Anyway here's the function code. In Code brackets you will be pleased to see. The emboldened line 25 is what gets highlighted but this just points to the whole function. I think it might simply be because I haven't defined an event for =True or False




Expand|Select|Wrap|Line Numbers
  1. Private Function ValidateTimeSlot() As Variant
  3.      With Me
  4.          If IsNull(.StartTime) Or IsNull(.EndTime) Or _
  5.              IsNull(.RoomID) Or IsNull(.Date) Then
  6.              ValidateTimeSlot = Null
  7.              Exit Function
  8. End If
  9.          If DCount("BookingID", "tblBookings", _
  10.              "((StartTime>#" & .StartTime & "# And StartTime<#" & .EndTime & _
  11.              "#) Or (EndTime>#" & .StartTime & "# And EndTime<#" & .EndTime & _
  12.              "#) Or (StartTime<=#" & .StartTime & "# And EndTime>=#" & .EndTime & _
  13.              "#)) AND RoomID=" & .RoomID & _
  14.              " AND [Date] = #" & .[Date] & "#") <> 0 Then
  15.              MsgBox ("This room has already been booked during this time.")
  16.              ValidateTimeSlot = False
  17. Else
  18.              ValidateTimeSlot = True
  19. End If
  20.      End With
  22.  End Function
  24. Private Sub cmdSave_Click()
  25. Run ValidateTimeSlot()
  26. End Sub
In the meantime however I do have a question. Might sound silly; but why do you need to define the comparable times as %S etc and then replace them? Why not just ([StartTime]<=(Format(.EndT ime, "HH:mm:ss") )) AND " & _ or is that not possible?
Apr 14 '11 #8
Zac Harvey
28 New Member
Forgot to mention my thanks to you Smiley. So a BIG THANKS For your constructive feedback! I will take into account all that you have both suggested and advised to improve my knowledge. Thanks also for praising my post, this means a lot as I try to make life easier for those that are willing to help others.
Apr 14 '11 #9
2,322 Recognized Expert Moderator Top Contributor
Im guessing the reason for using %S is a matter of making it look neater when your writing it. Its a matter of preference I think, but maybe NeoPa has some reasons I am not able to see. Personally I use the same approach as you initially have done.

Now the
Expand|Select|Wrap|Line Numbers
  1. Private Sub cmdSave_Click()
  2.   Run ValidateTimeSlot()
  3. End Sub
What do you expect should happen from this?
ValidateTimeSlo t will return either true or False, which will result in for example: Run False making little sense.

Now, instead what should be done is to use the BeforeUpdate event of your form (Note this is all based on the assumption that your using a bound form)

At the top of your forms module:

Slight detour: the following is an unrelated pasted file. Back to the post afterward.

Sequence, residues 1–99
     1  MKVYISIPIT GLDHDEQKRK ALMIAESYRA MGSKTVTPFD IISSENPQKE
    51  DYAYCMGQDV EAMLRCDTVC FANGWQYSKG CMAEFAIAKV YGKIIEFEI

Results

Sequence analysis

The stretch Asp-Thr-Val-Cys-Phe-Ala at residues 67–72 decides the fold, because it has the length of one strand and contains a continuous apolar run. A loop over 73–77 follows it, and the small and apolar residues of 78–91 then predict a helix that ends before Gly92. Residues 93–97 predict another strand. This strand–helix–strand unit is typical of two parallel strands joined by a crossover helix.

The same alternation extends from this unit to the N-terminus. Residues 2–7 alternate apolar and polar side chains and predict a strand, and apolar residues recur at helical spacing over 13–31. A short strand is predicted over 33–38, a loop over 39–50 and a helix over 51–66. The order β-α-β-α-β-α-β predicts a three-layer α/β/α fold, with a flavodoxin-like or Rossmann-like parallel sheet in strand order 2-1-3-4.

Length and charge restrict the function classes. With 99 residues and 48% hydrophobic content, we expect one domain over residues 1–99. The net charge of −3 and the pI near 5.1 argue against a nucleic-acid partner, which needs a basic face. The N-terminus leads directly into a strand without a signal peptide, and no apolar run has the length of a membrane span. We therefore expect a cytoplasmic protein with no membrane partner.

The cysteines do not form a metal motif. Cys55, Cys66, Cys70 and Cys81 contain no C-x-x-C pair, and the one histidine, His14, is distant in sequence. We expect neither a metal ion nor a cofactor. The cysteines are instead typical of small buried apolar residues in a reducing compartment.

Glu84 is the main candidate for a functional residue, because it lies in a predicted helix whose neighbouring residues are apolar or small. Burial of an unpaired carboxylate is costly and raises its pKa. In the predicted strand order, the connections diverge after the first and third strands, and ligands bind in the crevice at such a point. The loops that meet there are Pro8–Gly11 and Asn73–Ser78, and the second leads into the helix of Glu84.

Expand|Select|Wrap|Line Numbers
  1. Private bSave as boolean
For the Click Event:
Expand|Select|Wrap|Line Numbers
  1. Private Sub cmdSave_Click()
  2.   'If form is not dirty, just exit, there is nothing to save
  3.     If Not me.Dirty then
  4.       Docmd.Close acform, Me.Name
  5.       exit sub
  6.     End if 
  8.   'Indicate that user is saving by choice
  9.     bSave=True
  11.   'Dont show error messages if the save fails
  12.     On Error Resume Next
  14.   'Force a save   
  15.      Me.Dirty=False
  16.      bSave=False 'Reset
  17.   If Err.Nr<>0 then
  18.     'Some err occured while saving, 
  19.     'likely a booking conflict. 
  20.     'Clear error and return to form.
  21.      Err.Clear
  22.      'Resume normal error handling
  23.      On Error goto 0
  24.      Exit Sub
  25.   If 
  27.   'Resume normal error handling
  28.     On Error goto 0
  30. End Sub

Expand|Select|Wrap|Line Numbers
  1. Private Sub Form_BeforeUpdate(Cancel as Integer)
  2.   If Not bSave then
  3.     'Record is being saved as the result of the form closing,
  4.     ' or by form navigation. 
  5.     'Confirm that user wishes to save
  6.     If vbYes<>Msgbox("Do you wish to save changes?")
  7.       'User does not wish to save
  8.       Cancel=True 'Cancel the save
  9.       Exit sub
  10.     End If
  11.   End If
  12.   'Now set the Cancel to whether or not the validation succeeded
  13.   Cancel=NOT validateTimeSlot
  15. End Sub
I know this might be alot of code to take in at once. The BeforeUpdate is fired each time information is saved in Access. Its a very usefull event to manipulate, especially since it can be cancelled. The variable bSave only has the purpose to NOT show the save confirmation dialog if the user clicked save (as opposed to closing the form, which will also result in a save attempt if the form is dirty.)

If you have questions, you know where to find us :P
Apr 14 '11 #10